In 1944, with the end of the fighting in Europe in sight, he ran for a fourth term against New York governor Thomas E. Dewey and was resoundingly re-elected. Though his personal physician had officially judged him fit, FDR was ill. He was being treated for hypertension and congestive heart disease, exacerbated by forty years of smoking. Frank Lahey, M.D. ’04, a consulting physician, may also have detected an inoperable stomach tumor that had metastasized from a facial melanoma. FDR’s color was poor; he looked gaunt, haggard, and much older than 62. But he could still reach back for a burst of energy when he needed it. In a New York City motorcade in October he rode for hours in an open car as cold rain fell. A speech to the Teamsters Union in Washington-his “Fala speech”-had virtually clinched his election:
These Republican leaders have not been content with attacks on me, or my wife, or my sons. No, not content with that, they now include my little dog, Fala. Well, of course, I don’t resent attacks, and my family doesn’t resent attacks, but Fala does resent them. You know, Fala is Scotch, and being a Scottie, as soon as he learned that the Republican fiction writers in Congress and out had concocted a story that I had left him behind on the Aleutian Islands and had sent a destroyer back to find him at a cost to the taxpayers of two or three, or eight or twenty million dollars-his Scottish soul was furious. He has not been the same dog since. I am accustomed to hearing malicious falsehoods about myself but I think I have a right to resent, to object to libelous statements about my dog.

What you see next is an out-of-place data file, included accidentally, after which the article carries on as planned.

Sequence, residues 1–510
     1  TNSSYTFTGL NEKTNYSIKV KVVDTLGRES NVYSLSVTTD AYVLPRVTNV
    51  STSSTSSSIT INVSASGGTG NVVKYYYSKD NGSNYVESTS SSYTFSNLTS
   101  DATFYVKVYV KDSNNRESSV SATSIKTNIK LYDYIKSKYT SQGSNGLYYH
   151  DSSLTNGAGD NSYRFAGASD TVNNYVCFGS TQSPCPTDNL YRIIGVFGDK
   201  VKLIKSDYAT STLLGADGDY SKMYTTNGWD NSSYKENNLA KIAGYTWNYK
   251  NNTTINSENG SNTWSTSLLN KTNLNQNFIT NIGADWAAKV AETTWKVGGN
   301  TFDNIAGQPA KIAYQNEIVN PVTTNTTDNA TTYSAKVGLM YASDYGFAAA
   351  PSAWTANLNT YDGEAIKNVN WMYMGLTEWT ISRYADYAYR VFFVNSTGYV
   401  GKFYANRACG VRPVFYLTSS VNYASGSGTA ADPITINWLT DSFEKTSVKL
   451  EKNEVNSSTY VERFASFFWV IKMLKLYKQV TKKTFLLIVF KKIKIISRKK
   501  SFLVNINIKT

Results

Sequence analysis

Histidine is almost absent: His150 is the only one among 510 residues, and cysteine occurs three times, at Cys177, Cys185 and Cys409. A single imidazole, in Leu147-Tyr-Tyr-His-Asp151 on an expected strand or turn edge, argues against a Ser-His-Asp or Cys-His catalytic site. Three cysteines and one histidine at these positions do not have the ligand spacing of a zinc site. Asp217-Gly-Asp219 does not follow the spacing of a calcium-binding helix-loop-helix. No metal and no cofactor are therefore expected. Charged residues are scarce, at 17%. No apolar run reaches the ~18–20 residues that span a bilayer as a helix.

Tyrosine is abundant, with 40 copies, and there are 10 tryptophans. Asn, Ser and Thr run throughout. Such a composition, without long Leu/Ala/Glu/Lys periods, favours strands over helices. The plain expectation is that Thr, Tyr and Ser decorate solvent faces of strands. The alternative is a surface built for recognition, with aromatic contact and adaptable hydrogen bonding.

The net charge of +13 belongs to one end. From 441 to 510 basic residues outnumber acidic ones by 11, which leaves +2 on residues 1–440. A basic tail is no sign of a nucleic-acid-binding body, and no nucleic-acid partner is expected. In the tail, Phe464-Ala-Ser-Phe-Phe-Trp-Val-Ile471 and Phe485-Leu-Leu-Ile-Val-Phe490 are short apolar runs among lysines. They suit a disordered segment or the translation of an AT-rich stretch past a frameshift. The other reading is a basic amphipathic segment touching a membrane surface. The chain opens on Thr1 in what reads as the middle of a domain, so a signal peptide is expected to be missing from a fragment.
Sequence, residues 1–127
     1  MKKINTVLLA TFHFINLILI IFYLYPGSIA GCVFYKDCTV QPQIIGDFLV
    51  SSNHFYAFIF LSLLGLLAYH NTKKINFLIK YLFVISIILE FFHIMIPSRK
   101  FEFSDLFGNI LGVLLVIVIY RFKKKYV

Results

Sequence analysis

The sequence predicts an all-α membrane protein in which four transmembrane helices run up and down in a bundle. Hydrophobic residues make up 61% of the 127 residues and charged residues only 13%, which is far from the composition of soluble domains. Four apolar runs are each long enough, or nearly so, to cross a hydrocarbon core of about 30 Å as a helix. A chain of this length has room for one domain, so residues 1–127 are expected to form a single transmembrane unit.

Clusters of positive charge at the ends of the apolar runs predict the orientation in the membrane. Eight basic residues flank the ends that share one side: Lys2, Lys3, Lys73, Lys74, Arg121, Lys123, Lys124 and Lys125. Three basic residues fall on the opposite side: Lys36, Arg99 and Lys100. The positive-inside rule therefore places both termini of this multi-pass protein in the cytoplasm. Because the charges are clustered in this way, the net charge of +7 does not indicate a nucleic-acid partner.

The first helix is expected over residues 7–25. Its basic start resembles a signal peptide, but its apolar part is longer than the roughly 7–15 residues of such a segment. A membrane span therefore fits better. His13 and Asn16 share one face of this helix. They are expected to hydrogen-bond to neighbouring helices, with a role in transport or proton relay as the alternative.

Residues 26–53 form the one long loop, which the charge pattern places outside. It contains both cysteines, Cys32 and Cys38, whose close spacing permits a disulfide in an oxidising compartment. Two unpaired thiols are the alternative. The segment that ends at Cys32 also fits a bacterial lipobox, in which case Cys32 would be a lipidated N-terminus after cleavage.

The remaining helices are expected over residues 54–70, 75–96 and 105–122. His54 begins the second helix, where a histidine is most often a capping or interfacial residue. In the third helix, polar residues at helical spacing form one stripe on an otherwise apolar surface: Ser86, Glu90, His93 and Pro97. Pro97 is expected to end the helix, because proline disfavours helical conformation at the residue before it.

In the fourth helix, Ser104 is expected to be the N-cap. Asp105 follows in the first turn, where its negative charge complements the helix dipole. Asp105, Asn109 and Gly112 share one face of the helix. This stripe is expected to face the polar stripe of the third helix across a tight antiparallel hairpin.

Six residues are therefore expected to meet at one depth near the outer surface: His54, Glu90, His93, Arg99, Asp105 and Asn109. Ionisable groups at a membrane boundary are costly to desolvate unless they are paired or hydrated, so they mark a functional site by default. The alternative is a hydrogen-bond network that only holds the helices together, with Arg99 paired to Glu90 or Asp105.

His participation in the Yalta conference, held at a Black Sea port in February 1945, left him physically depleted. His hands now shook alarmingly. In April he went to his winter home in Warm Springs, Georgia, to rest before going to San Francisco for a conference inaugurating the United Nations. Before lunch, on April 12 he was reading the day’s mail while having his portrait painted. He had dressed for the portrait in a double-breasted suit and Harvard tie. The artist, Elizabeth Shoumatoff, recalled that he looked “surprisingly well.” Suddenly FDR collapsed, putting his hand to his head and saying he had “a terrific pain.”
After two hours of tortured breathing, he died of a massive cerebral hemorrhage. The news went out on national radio just before six. It crackled around the world almost instantaneously, arousing shock and consternation everywhere. In London the hour was midnight; the British Broadcasting Company’s bulletin called it “the darkest night of the war.”